November 18, 2010

Watching Movies

I suddenly realized on a lazy Sunday morning that G leaving Mumbai has had an adverse impact on my movie viewing. As I sipped on my milk and crunched into the delicious taste of Pure Magic biscuits, I realized that I have skipped quite a few over the past, most notably amongst them being Hissssss and a few more sssss.

The married men refused to go being scared of their wives, the married women had no intention of watching the movie and the couples typically follow the wish of the women in such matters.

The single men in their quest for looking cool and cultured refused to accompany me, the single women probably wondered if I doubted their intelligence by asking such a question and I figured going alone to watch Hissssss and a few more sssss would confirm to my sister that I had lost it, finally.

Super Cooler landed in Mumbai from some Chinese city and called me up to watch Letters to Juliet, it being my kind of mush and I guess it was. You know, the kind where the world is a beautiful place, where people sip wine and quote poems on love and don’t have to make PPTs during weekends. Ahh, the lives of such people. Action Replay was however a mistake. Happy Boy and his wife insisted that I watch the movie and all I wanted to do after the sumptuous dinner that she cooked was to sleep. The popcorn was the most interesting part and the next thing I know the autowallah got me from Thakur village to the Sea link and said, “Bandra aa gaya hain.” Sea Link always looks beautiful in the night. Hauntingly so.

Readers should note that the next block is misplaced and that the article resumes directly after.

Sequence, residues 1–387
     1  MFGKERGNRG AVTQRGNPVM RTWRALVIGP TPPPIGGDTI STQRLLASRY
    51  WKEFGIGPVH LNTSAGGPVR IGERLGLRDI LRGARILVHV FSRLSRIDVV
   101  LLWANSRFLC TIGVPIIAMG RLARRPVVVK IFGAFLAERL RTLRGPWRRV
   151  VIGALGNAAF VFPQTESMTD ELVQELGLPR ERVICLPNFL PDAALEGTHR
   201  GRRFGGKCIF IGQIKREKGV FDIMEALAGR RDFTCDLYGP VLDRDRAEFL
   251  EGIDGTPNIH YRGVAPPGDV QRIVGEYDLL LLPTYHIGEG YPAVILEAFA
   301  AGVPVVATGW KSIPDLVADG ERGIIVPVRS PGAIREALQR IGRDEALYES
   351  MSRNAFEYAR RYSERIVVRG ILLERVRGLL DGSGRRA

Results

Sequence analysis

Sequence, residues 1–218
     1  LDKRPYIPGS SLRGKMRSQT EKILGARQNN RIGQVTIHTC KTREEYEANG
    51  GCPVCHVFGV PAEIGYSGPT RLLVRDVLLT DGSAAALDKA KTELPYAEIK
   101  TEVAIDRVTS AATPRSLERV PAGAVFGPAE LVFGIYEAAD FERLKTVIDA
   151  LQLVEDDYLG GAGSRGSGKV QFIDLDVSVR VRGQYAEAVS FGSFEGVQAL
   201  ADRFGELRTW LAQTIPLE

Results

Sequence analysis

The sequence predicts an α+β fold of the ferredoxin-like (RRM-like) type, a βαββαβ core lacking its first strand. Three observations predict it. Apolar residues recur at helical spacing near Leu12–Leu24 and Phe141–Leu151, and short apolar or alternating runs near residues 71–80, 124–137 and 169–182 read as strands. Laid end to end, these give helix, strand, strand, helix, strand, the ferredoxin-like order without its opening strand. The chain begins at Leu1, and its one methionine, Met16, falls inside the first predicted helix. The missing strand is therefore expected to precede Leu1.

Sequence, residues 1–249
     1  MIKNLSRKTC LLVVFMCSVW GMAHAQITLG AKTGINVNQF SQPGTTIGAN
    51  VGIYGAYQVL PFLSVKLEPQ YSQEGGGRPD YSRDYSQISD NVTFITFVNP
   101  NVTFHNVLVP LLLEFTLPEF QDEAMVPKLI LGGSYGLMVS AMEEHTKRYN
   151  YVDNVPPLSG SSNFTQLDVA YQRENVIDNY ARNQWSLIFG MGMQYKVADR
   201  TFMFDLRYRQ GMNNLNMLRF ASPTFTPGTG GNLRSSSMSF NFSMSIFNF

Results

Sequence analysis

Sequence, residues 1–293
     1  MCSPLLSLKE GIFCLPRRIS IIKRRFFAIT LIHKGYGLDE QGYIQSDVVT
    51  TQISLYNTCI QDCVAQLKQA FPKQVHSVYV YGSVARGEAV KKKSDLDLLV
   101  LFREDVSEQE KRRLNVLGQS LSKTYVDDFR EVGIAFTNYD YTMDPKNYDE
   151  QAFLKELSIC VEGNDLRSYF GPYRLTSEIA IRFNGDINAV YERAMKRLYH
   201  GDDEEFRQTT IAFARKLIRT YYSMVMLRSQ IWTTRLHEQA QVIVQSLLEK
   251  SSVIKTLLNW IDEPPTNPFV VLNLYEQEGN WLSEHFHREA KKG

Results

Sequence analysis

But G is not the only reason. I realized I have tons of unread books that I must make an effort to complete now. It’s unfair to hoard them like some demented ruler hoarding diamonds. But I needed to buy books and so I got a few more for the love of my life and she loved them. Ahh, the lows a man must stoop to in order to make a woman love him. Bruno, Bubbles and now Pepper, her three best friends will now be with her.

The third most important reason for movie viewing taking a beating has been the Reality Shows. Last couple of weekends I have tried to figure out what’s happening on the shows, how the TRP games are being played out and how Kiran Bedi’s role has now gone to Rakhi Sawant. But amongst all of them I love Masterchef India. The contestants are real people. The emotions seem original. The evaluations are rational and apart from the fact that they are randomly getting Bollywood to come and endorse the contestants, the show’s brilliant. I know it’ll probably lose out on the TRP game but to me it’s a winner. There are obvious flaws. I love it for the love of food but the viewer has nothing to gain from it, no recipe, no insaaf, no ek crore, no Dolly Bindra.